Under the most current constitution, written in 1982, the citizens of the PRC are guaranteed freedom of the press, speech, assembly, association, procession, and demonstration; furthermore, all citizens enjoy the rights and assume the responsibilities prescribed by the constitution and the law. In 1989, following the student democracy demonstrations in the PRC, the government circulated a draft of the law concerning assemblies, processions, and demonstrations for public comment. While the 24 articles of the draft legislation effectively removed the right to free public protest by interposing a variety of administrative procedures governing proscription of venue, application, approval, and review, the eventual law did make some attempt to "democratize" the process. Even so, the public security organs now have absolute power to cancel protest activities and arrest any participants or organizers and the category of areas designated as "off limits" to public assemblies has been expanded. The way in which the legislation was passed, its constitutional language, and the ascription to regulation for the protection of citizens' rights reveal the utility of legality in ensuring political legitimacy and highlight the manipulation of the legislative process in the PRC by the government as motivated by foreign policy concerns.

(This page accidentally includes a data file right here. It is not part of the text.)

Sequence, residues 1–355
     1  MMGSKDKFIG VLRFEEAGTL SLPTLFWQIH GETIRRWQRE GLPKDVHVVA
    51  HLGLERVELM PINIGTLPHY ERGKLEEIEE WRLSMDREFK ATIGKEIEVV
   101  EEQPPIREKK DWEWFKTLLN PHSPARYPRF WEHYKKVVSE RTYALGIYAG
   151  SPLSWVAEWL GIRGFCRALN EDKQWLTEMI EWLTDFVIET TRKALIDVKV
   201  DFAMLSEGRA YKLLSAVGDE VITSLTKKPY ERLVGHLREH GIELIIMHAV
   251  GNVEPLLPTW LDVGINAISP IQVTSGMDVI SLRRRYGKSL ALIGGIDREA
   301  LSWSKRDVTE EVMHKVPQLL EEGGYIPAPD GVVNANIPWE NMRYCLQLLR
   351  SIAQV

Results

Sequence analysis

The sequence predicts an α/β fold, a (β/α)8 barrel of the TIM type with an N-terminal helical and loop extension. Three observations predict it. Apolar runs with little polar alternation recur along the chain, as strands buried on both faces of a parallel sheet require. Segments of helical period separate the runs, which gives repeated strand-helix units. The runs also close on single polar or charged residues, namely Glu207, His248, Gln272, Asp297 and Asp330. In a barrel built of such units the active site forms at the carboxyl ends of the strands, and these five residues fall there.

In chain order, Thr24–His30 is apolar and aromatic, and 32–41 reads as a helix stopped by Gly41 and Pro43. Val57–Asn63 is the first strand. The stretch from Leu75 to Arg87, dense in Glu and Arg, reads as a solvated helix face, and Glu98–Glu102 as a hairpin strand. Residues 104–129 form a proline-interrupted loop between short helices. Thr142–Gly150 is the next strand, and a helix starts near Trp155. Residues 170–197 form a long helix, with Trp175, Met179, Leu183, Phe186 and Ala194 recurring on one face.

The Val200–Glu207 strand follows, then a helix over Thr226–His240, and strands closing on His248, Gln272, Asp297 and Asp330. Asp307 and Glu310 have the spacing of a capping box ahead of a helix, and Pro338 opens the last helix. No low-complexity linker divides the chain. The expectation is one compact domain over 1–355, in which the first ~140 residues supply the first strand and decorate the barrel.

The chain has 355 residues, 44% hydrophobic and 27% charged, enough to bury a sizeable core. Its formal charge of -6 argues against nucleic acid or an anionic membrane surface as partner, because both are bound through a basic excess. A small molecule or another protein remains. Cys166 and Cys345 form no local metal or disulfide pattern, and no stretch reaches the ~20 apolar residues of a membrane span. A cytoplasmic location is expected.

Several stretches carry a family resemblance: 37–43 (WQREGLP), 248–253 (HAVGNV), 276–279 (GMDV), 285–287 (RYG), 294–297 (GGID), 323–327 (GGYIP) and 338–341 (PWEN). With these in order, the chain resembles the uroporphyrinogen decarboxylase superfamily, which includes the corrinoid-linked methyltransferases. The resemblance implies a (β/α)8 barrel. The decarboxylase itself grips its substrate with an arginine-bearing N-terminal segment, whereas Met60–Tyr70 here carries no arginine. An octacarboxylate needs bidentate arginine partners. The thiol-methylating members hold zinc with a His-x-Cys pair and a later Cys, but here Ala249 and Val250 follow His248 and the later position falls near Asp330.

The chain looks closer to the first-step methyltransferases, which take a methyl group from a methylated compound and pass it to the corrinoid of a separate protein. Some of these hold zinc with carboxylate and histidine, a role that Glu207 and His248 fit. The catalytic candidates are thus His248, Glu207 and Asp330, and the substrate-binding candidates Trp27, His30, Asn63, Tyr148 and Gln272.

Freedom of assembly and association, Legislative impact, China
Asian Studies | Constitutional Law | Legislation
Law, Society and Governance
Journal of Law and Society
Wiley: 9 months
FINDLAY, Mark and CHIU, Thomas Chor-Wing.
The Law of Assembly in the People's Republic of China: Implications of the Retreat to Formal Legalism for the Legislative Process in China. (1991). Journal of Law and Society. 18, (1), 365-373. Research Collection School Of Law.
Available at: http://ink.library.smu.edu.sg/sol_research/2000
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